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Court Required to Identify Trade Secrets Prior to Order Requiring Disclosure

The Third DCA Court of Appeals overturned a trial court’s order which required disclosure of documents in the absence of a trial court’s determination that the materials did include trade secrets of the disclosing party.  Cooper Tire & Rubber Company vs. Cabrera, Case no.  No. 3D12-2922 (Fla. Dist. Ct App. 3rd May 8, 2013) (available here).

Disclosing party defendant Cooper petitioned the DCA for a writ of certiorari to quash a trial court’s order compelling production of documents Cooper claimed were protected from discovery by the trade secret privilege.  See Allstate Ins. Co. v. Langston, 655 So. 2d 91 (Fla 1995)(permitting such interlocutory appeals).  The 3rd DCA granted the petition for certiorari with instructions because “the trial court departed from the essential requirements of law by compelling production of the requested documents without first making the required findings as to whether the documents in question are, in fact, trade secrets and, if so, whether [] plaintiff [decedent Guzman, by representative Caberea] has proven reasonable necessity requiring the documents’ production.”

The Guzman family sued Cooper for negligent design and manufacture of its tires after the Guzmans’ Ford Explorer was involved in an accident.   The trial court had ordered that all documents already produced by Cooper for in camera inspection were relevant, subject to discovery, and were to be produced.  With regard to trade secrets, the trial court, in the same order, granted Cooper’s Motion and ordered that “The Defendant does have an interest in protecting its trade secrets and the court agrees that there is information in the documents produced that may rise to that level.”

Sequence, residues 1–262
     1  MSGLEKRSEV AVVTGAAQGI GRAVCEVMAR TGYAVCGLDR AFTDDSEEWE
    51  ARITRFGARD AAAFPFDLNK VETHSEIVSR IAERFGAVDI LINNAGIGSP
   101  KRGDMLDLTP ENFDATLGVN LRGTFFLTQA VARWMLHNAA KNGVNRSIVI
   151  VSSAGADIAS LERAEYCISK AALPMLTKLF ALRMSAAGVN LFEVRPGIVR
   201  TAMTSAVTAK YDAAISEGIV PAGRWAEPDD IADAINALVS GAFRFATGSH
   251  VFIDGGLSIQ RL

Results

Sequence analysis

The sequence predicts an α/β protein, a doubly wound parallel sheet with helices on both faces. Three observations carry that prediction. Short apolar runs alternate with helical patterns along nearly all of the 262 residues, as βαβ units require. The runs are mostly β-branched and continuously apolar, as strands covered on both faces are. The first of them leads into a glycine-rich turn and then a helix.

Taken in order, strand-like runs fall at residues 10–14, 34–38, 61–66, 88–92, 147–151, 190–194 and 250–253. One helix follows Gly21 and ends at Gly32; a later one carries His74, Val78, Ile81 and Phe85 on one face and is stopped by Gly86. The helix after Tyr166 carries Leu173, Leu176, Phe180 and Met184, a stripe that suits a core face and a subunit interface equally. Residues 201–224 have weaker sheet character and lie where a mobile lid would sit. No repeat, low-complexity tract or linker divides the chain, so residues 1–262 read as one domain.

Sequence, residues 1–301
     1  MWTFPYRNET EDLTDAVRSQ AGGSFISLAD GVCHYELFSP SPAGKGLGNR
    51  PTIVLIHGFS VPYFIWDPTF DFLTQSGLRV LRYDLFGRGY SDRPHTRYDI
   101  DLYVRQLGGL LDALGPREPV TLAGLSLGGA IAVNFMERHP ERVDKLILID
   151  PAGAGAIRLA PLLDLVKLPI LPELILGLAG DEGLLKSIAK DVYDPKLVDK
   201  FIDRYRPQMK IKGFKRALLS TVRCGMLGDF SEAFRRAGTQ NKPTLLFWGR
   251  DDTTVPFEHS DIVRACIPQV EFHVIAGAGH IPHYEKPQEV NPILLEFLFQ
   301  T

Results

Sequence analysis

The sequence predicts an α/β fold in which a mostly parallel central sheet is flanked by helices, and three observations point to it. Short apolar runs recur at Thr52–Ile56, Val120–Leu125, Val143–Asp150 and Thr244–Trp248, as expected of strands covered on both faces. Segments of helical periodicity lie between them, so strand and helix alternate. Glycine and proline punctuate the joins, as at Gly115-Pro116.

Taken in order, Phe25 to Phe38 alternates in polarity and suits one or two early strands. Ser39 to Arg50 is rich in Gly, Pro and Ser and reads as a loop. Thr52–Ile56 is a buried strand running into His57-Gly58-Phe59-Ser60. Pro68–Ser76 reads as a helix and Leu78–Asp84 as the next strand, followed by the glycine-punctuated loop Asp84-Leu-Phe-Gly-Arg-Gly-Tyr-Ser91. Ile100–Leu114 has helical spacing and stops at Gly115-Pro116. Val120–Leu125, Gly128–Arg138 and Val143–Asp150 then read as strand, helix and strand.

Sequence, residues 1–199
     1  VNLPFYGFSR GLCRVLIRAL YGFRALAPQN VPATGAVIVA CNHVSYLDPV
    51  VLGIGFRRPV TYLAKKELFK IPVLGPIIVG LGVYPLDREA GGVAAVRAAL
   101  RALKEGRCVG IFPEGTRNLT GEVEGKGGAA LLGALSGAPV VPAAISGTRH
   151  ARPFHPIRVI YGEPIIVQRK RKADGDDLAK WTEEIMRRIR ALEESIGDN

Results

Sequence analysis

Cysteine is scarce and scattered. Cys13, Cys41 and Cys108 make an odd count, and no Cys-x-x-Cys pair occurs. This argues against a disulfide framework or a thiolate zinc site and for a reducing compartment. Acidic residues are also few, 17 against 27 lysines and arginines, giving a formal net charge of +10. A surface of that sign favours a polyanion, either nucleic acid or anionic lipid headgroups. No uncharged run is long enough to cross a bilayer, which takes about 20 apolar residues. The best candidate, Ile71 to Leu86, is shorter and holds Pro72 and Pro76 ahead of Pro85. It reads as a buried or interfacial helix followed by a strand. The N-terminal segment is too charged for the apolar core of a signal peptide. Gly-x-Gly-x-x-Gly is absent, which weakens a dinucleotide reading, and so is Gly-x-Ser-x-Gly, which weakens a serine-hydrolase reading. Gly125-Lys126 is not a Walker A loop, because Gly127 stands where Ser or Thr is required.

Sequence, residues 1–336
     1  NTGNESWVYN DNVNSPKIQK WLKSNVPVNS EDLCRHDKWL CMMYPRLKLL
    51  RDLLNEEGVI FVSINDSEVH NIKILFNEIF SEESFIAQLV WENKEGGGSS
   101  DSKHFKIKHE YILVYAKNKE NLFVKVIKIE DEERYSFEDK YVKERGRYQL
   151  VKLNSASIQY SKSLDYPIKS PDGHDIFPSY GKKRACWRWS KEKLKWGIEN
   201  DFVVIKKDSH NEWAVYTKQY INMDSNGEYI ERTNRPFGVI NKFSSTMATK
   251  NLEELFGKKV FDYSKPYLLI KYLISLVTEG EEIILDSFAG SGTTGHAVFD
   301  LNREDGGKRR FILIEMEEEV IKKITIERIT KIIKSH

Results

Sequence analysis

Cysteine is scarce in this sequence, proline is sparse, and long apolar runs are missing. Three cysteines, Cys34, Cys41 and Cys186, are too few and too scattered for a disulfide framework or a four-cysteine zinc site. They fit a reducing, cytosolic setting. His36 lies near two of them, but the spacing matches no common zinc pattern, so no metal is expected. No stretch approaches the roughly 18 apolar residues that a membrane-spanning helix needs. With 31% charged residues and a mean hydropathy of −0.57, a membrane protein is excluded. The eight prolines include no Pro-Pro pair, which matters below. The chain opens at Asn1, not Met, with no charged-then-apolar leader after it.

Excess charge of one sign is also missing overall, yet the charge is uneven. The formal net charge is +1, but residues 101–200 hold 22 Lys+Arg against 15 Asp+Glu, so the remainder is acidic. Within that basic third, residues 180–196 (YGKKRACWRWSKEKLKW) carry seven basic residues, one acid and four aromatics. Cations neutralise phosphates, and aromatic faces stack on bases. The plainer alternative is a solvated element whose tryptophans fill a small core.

Cooper argued that the trial court departed from the essential requirement of law and created irreparable injury when it ordered the production of documents claimed to be trade secrets but failed to make specific findings in its order on the reasonable necessity of production of the requested documents.  “Disclosure of discovery material that may reasonably cause material injury of an irreparable nature includes ‘cat-out-of-the-bag-material’ that could be used to injure another person or part outside of the context of litigation, such as trade secrets.  If a trial court orders production of a trade secret, it must first demonstrate the reasonable necessity of the production and set forth its findings on why reasonable necessity has been demonstrated.”

The trial court, prior to ordering production of the documents Cooper claimed to be protected from discovery by trade secrets, failed to make any findings as to whether any or all of the in camera documents in question were protected by the trade secret privilege.  The trial judge authorized disclosure of confidential material only to persons “in connection with trial preparation in this case.”  This was not sufficient since the trial court was required to first find whether the documents in question were, in fact, trade secrets and, if so, whether Guzman had proven a reasonable necessity requiring the documents’ production.

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